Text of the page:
Traditional wisdom usually calls for a writer to specialize in one genre and become well known and established in that genre. They usually write in that space for some time until they finally try and branch out and do something different. Their fans protest. The author finds him/herself typecast into being a X-writer (insert the genre of your choice.) That’s not necessarily a bad thing. It sure works for Stephen King and a lot of other authors.
I don’t subscribe to this thinking.
I write because I like to write. I read books in a varied group of genres. Sure, I like science fiction, but sometimes I’m in the mood for a good true crime book or a good military history story. I started out primarily as a science fiction author with a dozen or so novels under my belt from Penguin Putnam’s ROC imprint. I bucked the trend when I wrote my first business management book (Cubicle Warfare) and my first military history book (Cruise of the Sea Eagle.) I am confident that my choices of direction gave my agent ulcers but ultimately I write the kinds of books that I like to read. In the end, I write books that I would enjoy reading – I don’t pander to the fans or try to out-think them in terms of what they want to see. Besides, no matter what, you can’t satisfy everyone.
While I acknowledge that some people may read books from only one genre; I also believe that many readers are like me – and read a wide range of books depending on their interests and tastes. I don’t want to lock myself into one genre because I have good ideas for books that are beyond that narrow focus.
There are risks with this approach. I have regular readers in each genre, so how do I get them compelled to read the books outside of that area? The short answer is, I don’t. I let my different fan communities know that I have new books out and they make the choice. In my opinion most loyal readers are not lemmings that mindlessly follow an author, blindly buying every book they crank out. Don’t get me wrong, it used to be that way. The publishing industry is changing though and fans now can explore a wide range of books. Amazon.com’s linking of books other people have purchased to the book you are reviewing is a classic example. I have found a few new books out there because of these linked suggestions. I believe that the influence of the internet, on the long term, broadens what people read.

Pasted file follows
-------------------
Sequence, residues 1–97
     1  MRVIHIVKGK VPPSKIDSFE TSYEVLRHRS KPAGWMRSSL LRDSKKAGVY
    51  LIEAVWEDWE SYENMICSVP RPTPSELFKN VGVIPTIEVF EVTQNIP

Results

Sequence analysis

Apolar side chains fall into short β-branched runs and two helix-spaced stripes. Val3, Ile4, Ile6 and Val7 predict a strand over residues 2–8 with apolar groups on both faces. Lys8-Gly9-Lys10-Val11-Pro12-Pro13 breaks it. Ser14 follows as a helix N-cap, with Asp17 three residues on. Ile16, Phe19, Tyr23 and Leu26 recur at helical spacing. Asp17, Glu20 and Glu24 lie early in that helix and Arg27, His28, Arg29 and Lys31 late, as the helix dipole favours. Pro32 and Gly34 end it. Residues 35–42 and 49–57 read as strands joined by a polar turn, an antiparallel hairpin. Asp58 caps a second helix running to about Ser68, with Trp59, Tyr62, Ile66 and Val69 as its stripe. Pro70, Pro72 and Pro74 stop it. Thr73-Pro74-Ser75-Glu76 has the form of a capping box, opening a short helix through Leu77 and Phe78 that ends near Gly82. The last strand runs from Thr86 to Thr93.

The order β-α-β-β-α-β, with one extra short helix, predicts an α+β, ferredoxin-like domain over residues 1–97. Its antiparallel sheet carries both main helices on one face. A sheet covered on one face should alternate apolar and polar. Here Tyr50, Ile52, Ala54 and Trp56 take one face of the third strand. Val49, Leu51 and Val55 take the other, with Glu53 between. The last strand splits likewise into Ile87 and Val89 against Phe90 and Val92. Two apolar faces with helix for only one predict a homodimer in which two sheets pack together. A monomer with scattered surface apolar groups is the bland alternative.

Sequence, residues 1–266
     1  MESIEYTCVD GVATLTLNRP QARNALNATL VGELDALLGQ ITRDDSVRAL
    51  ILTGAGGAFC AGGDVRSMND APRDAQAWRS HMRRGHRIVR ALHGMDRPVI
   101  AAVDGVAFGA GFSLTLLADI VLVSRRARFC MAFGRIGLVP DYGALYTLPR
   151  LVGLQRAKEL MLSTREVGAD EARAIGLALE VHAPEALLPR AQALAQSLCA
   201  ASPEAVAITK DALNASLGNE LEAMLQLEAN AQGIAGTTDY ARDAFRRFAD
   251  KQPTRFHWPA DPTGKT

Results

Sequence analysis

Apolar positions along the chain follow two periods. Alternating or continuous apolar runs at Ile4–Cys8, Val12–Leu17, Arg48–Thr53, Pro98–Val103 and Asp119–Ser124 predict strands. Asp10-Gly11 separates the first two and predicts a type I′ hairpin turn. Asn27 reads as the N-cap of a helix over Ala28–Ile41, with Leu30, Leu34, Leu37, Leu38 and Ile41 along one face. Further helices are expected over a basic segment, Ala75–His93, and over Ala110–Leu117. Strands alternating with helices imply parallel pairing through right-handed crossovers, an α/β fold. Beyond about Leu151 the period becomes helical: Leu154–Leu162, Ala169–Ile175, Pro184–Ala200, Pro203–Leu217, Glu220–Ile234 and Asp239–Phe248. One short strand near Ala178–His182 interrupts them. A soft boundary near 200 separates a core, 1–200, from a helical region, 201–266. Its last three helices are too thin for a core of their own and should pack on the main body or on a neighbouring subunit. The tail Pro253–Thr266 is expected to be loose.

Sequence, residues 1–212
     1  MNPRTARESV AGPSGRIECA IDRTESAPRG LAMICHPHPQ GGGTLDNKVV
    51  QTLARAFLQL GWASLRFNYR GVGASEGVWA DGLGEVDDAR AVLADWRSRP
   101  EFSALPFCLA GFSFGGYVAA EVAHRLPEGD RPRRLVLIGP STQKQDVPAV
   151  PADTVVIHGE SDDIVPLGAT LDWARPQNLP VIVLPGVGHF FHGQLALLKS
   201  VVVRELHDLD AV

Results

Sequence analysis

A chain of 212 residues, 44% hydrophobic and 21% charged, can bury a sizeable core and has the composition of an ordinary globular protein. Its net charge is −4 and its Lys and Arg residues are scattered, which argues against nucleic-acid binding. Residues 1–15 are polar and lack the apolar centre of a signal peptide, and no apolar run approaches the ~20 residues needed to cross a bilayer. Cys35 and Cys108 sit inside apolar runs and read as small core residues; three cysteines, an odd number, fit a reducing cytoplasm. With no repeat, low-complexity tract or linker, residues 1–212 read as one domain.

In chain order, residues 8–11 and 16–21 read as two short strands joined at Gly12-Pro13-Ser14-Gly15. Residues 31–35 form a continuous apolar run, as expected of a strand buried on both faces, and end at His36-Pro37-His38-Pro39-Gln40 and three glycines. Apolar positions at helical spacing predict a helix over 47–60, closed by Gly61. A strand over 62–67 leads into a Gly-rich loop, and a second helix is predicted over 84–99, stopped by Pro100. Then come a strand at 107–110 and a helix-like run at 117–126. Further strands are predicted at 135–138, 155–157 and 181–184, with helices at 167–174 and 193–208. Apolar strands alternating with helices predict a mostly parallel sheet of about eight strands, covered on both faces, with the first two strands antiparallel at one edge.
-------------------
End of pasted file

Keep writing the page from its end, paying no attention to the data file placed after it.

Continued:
The publishing industry and agents try to force you, as a writer, into a niche. They have a 1950’s view of readers that does not match how book purchasing, reading, and publishing are changing. This is why the publishing industry is reeling so heavily under the influence of Amazon.com. Trust me, in three years, the industry is going to be a very different place…and better as a result.
For me, I can be at my creative best when I write what I feel like writing. If that means I want to do some short stories for Battlecorps.com or for Leviathans, I do them. I don’t need to worry if I am isolating my fan community. Those fans that like my books who are interested in the new genres, will buy the books. Those that don’t will wait for me to crank out another BattleTech/MechWarrior novel.
Do I have plans to branch out into other genres? Of course. I have a Steampunk idea that I really love that I think will be a great set of novels, for example. I have a neat Fantasy series I’ve been mulling around for years too. For the most part, my next few books will simply enlarge my fan bases out there in the genres I already write for.
So, if you are an author out there, don’t hesitate to write what you want to. Don’t buy the hype from the “publishing experts.” Do what you feel best. For you fans out there, what are your thoughts? Post your comments up on this blog and let me know. Do you read more than one genre? Do you automatically purchase books from one author no matter what?